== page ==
Galatians Chapter 1

(Tap footnote to read it.  Old Testament quotations are underlined.  "Love" with a caret ("^love") is agapé.1"agapé" The Greek words ἀγάπη (agapé, noun), and ἀγαπάω (agapaó; verb) are typically translated "love".  However, unlike our English word "love" – which primarily speaks of affection and feelings – agapé centers on choice and behavior.  It’s the "love" based on will, choice, behavior, and action; not feelings.  (Feelings-based love is the Greek word φιλέω (phileó), which properly means "brotherly love/affection".)  Thus, you could hate someone passionately and still treat him with "agapé".  Agapé "love" is best understood as the pursuit of what is most beneficial to someone or something, regardless of the cost to yourself or the type of response received from the person or thing.  It can also indicate a preference for someone or something over other things. )

Greeting from Paul
  1. Paul, an apostle not sent from men nor through man but through Jesus the Anointed and God the Father – the One who raised Him from the dead –
  2. and all the brothers with me, to the churches of Galatia:
  3. Grace to you and peace from God our Father and the Anointed Lord Jesus,
  4. the One who gave Himself for our sins, so He might rescue us from the evil age which is *present, according to the will of our God and Father,
  5. to whom be the glory through the ages of the ages.1“through the ages of the ages” is literal, often translated “forever and ever”.  However, the traditional interpretation lacks the past element of a more literal translation.  Further, the Greek word often translated “forever” here (αἰών, “aion”) literally means “age”, meaning a time span with a beginning and an end.  It’s also used in Matthew 24:3 “what are the signs of your coming and the culmination (end) of the age?”  Amen.
Don’t Desert the True Gospel
  1. I marvel that you’re so quickly turning away from the One who called you by the grace of the Anointed for a different gospel,
  2. which isn’t really another gospel, except there are some deeply shaking you and wanting to corrupt the gospel of the Anointed.
  3. But even if we or an angel from heaven preaches a gospel to you that’s close beside but contrary to2“close beside but contrary to” is one word in Greek.  It’s the Greek word “παρά” (para) which is the root of our word parallel.  The primary meaning is “close beside”, but when followed by a word in the Greek accusative case – which it is here – it also gains the nuance of being “contrary to”. the gospel which we preached to you, let him be anathema!3“anathema” likely because of the Bible, this Greek word has entered the English vocabulary.  In Greek it literally means to curse someone, and more specifically to offer a curse on them to devote them to God’s destruction.  It can also have the connotation of being abominable and/or detestable.
  4. As we have forewarned you, so now I say again: if anyone preaches a gospel to you that’s close beside but contrary to4see note on previous verse what you received, let him be anathema!5see note on previous verse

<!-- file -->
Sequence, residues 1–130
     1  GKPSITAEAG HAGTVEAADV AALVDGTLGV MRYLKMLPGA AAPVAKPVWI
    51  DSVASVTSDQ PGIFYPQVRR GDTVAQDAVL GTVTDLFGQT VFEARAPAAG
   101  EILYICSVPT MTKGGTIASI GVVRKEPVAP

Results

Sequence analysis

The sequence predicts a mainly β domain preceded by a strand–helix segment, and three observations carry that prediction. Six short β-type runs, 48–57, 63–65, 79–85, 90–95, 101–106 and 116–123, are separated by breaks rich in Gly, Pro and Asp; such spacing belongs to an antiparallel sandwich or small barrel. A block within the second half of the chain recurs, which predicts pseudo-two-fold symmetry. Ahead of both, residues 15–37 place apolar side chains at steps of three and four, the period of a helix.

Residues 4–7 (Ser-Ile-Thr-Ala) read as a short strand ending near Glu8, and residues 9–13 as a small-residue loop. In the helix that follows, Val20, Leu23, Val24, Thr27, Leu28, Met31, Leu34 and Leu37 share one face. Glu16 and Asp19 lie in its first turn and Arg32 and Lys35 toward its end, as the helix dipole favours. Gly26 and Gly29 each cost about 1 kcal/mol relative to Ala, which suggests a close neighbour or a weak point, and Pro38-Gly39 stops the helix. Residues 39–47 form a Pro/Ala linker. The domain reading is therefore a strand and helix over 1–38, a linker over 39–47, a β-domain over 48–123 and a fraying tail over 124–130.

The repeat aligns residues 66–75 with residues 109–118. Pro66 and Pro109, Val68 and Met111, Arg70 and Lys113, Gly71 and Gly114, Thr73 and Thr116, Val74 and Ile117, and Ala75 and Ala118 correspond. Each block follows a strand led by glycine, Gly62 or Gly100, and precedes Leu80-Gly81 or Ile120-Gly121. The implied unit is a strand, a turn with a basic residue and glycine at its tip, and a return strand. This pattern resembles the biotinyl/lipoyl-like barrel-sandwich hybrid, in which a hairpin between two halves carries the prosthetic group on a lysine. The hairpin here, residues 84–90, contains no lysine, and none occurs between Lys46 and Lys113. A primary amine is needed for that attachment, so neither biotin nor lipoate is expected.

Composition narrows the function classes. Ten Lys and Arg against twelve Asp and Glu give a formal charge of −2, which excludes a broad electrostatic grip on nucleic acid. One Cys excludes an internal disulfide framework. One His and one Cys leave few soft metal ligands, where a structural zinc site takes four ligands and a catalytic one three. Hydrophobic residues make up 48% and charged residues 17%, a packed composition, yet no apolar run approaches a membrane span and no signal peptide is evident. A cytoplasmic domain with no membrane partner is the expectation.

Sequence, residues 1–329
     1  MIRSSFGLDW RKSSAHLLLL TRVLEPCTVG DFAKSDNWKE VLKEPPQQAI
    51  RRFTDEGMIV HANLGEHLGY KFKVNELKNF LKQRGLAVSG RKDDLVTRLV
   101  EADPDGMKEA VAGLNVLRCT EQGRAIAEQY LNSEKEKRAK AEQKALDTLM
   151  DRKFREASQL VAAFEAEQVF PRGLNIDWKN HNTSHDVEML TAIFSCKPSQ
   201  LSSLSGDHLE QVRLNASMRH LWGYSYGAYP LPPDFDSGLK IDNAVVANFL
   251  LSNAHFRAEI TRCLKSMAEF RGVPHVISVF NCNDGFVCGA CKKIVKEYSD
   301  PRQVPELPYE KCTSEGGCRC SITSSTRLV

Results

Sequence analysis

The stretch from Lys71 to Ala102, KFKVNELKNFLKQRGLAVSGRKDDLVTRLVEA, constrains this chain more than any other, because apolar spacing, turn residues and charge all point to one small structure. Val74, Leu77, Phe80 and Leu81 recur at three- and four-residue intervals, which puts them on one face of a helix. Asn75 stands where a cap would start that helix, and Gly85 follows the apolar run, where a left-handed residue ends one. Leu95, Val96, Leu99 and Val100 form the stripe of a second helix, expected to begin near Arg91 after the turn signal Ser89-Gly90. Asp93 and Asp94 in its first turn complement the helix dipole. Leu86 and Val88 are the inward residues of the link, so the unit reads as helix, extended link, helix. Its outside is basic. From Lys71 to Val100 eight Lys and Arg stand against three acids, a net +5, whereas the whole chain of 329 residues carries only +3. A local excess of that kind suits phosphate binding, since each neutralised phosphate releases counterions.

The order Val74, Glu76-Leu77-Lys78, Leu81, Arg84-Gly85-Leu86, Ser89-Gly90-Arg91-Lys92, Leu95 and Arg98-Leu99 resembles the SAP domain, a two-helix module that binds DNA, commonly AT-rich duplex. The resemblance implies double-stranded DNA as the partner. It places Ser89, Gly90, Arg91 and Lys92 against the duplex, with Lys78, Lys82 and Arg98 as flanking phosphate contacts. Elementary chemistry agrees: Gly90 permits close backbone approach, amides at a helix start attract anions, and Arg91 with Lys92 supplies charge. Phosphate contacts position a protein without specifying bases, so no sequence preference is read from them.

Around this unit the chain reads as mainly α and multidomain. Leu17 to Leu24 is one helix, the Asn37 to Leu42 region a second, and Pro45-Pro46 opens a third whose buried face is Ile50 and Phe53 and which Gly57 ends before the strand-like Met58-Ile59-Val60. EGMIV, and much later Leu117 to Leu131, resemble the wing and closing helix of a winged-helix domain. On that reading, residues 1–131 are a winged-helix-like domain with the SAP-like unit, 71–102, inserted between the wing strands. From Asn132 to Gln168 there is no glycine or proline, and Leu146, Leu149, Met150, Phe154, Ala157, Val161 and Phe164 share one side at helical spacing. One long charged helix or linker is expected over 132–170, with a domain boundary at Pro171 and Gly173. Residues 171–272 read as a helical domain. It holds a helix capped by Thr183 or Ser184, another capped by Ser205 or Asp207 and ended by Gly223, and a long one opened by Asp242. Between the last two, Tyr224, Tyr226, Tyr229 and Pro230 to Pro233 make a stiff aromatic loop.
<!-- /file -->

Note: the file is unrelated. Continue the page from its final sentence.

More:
5. For now, do I seek favor from men, or God?  Or do I seek to please men?  Yet if I was pleasing men, I wouldn’t be a slave of the Anointed.
  6. For brothers, I make known to you the gospel which was preached by me, that it’s not from man.
  7. For I neither received it from man, nor was I taught it; but I received it through a revelation of Jesus the Anointed.
  8. For you heard of my former way of life in Judaism, that I was persecuting the church of God exceedingly beyond measure and was ravaging it.
  9. And I was blazing a trail6“blazing a trail” is one word in Greek with that exact meaning.  The Greek word refers to a pioneer cutting through brushwood to create a path, exactly like the English idiom “blaze a trail” in Judaism beyond many men of the same age7“men of the same age” is one word in Greek meaning “of the same age”, and here it’s a masculine word. in my nation, being abundantly zealous for the traditions of my fathers.
  10. But when God (the One who set me apart from my mother’s womb and who called me through His grace) was pleased
  11. to reveal His Son in me so I might preach His gospel among the gentiles, I didn’t immediately consult with flesh and blood.
  12. Nor did I go up to Jerusalem to the men who were apostles before me, but I departed into Arabia and returned again to Damascus.
  13. Then after three years I went up to Jerusalem to get to know Cephas8“Cephas” is Aramaic for “a rock”, and is another name for the disciple/apostle Peter. and remained with him fifteen days.
  14. But I didn’t see the other apostles except James, the brother of the Lord.
  15. (And what I write to you, behold: in the sight of God I don’t lie.)
  16. Afterwards I went into the regions of Syria and Cilicia.
  17. Now, my face was unknown to the churches of Judea who are in the Anointed.
  18. And they were only hearing that: “The man previously persecuting us now preaches the gospel of the faith which he was formerly ravaging.”
  19. And they were glorifying God because of me.


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